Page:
The one thing that’s keeping you from driving away with your dream car is an auto loan. I know shopping for a new car, truck or van can be an exciting time.
There’s no other feeling like it.
Comparing different features and taking it for a drive just make you visualize your life in it.
However, when it comes to paying for your new car, things can get complicated and not as fun.
Too often, buyers are so in love with their ride that they are willing to sign the first loan they can get their hands on.
But hold on, not so fast.
While that surely gets you behind the wheel quick and drive off in your new car, it could set you back financially.
In fact, getting the right auto loan is just as important as picking the ride itself.
With a wise selection, you can save tons of money in interest and installments. Meanwhile, other offers can as easily get you to overpay for your new ride and leave you with a dent in your finance.
This is true whether you’re buying a brand new car, something new to you, or refinancing an existing loan.
Regardless of the newness of the car, it’s essential to find the best terms possible.
The following lenders and brokers offer low rates and allow you to keep your payments low.
But before we head over to different offers available on the market, let’s take a quick look at what auto loan is.
And more importantly, how it is different from other loans and how to qualify for the best ones.
What Is a Car Loan?
Car loans are loans lenders provide for the sole purpose of borrowers buying a vehicle.
Lenders write auto loans for all types of vehicles including cars and motorcycles.
They are generally available for used or new vehicles. But one thing to remember is depending on who’s offering the loan, it may come with more specifics.
How Are Auto Loans Different From Other Loans?
In many cases, auto loans are quite different from personal loans.
And what sets them apart from typical all-purpose loans is security. Many auto loans are secured loans, which means the vehicle serves as the collateral.
This gives the lender the right to repossess the car should the borrower fails to make loan payments. Many personal loans which can be used for different purposes are not.
Because there is a valuable backing the loan, many auto loans tend to result in lower rates than a personal loan.
However, there are still a number of things that can influence your rates.
Down payment, credit score, and loan length are some that affect your loan terms.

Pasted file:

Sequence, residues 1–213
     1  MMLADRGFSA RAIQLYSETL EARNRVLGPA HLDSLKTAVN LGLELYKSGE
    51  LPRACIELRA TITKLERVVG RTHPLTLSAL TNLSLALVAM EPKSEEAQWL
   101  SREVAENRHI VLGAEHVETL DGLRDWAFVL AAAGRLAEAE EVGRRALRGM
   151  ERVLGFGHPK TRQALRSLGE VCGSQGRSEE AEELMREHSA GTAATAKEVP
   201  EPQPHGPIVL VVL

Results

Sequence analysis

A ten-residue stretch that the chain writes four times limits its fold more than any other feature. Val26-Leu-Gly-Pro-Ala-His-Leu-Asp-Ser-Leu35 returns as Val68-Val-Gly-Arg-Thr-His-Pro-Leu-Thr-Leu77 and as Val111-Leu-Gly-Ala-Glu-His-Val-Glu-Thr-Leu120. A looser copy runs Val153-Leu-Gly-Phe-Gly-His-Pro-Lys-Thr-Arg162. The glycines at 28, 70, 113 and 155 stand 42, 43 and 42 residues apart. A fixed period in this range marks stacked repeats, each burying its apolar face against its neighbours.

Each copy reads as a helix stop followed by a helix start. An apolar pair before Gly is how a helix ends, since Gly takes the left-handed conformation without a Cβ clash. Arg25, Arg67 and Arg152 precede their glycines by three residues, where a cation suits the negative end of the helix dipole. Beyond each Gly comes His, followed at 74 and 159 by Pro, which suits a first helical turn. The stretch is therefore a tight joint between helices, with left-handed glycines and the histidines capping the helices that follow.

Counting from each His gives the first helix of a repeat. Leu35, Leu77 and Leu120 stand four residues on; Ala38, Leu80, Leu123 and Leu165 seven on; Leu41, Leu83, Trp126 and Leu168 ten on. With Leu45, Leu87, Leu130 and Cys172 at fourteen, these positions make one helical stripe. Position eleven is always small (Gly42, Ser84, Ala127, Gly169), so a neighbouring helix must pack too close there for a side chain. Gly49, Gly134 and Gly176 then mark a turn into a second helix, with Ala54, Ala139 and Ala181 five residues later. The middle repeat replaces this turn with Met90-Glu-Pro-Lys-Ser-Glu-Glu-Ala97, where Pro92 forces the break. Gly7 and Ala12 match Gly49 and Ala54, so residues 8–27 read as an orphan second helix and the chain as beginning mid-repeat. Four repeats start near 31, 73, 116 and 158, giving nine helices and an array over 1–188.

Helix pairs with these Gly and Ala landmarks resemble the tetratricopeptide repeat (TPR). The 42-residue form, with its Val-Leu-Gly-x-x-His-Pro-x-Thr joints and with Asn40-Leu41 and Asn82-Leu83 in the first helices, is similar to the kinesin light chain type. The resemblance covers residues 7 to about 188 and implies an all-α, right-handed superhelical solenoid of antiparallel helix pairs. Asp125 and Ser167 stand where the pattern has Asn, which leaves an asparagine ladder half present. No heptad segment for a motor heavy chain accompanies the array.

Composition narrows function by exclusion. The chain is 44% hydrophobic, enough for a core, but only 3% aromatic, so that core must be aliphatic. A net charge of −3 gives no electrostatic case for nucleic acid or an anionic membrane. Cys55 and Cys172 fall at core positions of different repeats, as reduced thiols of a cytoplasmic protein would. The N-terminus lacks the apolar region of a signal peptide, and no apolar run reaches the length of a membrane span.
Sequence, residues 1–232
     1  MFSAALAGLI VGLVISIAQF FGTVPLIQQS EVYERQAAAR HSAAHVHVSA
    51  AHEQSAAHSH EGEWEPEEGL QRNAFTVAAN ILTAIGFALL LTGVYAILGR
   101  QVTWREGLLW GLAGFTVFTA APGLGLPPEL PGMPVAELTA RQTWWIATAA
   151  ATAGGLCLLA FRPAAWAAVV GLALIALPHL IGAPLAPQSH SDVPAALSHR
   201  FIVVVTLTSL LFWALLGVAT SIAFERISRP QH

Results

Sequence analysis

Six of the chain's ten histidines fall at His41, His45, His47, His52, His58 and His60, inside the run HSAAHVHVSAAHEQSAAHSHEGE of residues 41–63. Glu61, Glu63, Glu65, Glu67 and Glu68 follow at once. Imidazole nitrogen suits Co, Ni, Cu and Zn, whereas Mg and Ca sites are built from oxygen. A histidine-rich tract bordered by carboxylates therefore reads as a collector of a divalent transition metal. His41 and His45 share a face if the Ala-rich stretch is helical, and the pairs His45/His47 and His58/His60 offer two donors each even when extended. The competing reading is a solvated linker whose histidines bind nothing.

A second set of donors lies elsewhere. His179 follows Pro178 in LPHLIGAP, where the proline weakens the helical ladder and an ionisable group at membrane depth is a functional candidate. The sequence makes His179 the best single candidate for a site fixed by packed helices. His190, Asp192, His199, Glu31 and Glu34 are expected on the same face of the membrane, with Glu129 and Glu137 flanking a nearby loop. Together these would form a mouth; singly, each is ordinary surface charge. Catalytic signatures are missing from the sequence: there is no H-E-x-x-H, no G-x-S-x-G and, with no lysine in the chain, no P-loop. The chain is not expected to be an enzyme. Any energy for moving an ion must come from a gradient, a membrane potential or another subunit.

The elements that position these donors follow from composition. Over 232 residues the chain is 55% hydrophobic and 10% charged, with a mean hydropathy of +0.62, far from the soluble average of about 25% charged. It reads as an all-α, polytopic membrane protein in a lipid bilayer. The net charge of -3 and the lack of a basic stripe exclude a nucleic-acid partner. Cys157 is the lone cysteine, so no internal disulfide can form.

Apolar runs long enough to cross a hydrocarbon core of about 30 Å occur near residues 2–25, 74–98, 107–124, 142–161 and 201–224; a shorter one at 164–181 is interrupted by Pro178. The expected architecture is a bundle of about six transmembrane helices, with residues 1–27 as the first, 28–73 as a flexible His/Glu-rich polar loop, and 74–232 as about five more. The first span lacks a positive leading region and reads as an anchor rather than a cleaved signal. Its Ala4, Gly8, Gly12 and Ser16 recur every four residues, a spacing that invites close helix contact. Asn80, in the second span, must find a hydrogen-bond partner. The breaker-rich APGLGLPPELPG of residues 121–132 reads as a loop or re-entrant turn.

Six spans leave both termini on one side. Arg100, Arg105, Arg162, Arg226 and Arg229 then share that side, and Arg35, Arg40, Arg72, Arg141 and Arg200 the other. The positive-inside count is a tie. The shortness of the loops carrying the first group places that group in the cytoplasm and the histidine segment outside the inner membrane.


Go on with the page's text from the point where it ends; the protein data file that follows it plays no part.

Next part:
Let’s take a look at each.
1. Credit Score
Unlike credit cards and personal loans, you are likely to be able to get approved for an auto loan with a poor score. In essence, it’s not much for the approval of the loan per se.
Rather, it’s more about the interest rate you can get for your auto loan.
While an excellent score above 740 may get you 4% or less interest rate, a poor credit below 620 can see theirs as high as 14 %.
Buying a $20,000 car with a 4-year term at 4% interest rate can bring your monthly payment to $452.
The same car with a 14% interest rate results in $547 a month.
Over the course of 4 years, by having stellar credit, you can save as much as $4,560 in interest.
If you are considering buying a car but you are rebuilding your credit, you may want to brace for the higher rate.
There is also an option to get a co-signer with an excellent credit if that’s within reach.
2. Down payment
Putting a down payment on your car has several advantages. To start, more you put down, the lower your monthly auto loan payment will be.
Sizable down payment may also help you access a better interest rate on your loan too.
And depending on the loans and their terms, putting a down payment may be inevitable.
If you have poor credit, the chances are your lender may require you to put money down.
How much down payment you need at the signing can vary, but typically it’s 20 % of your car’s purchase price.
This leaves the remaining 80% to financing.
But the question is what do you do if you are short on cash and can’t pay a down payment?
Thankfully, a down payment for your car does not always have to be in cash. It can take other forms. As a buyer, you can exercise a couple of other options.
One is to trade in your current car. Another is to use a cash rebate on your car’s purchase.
With a trade-in, it’s contingent that your dealer accepts a car on trade.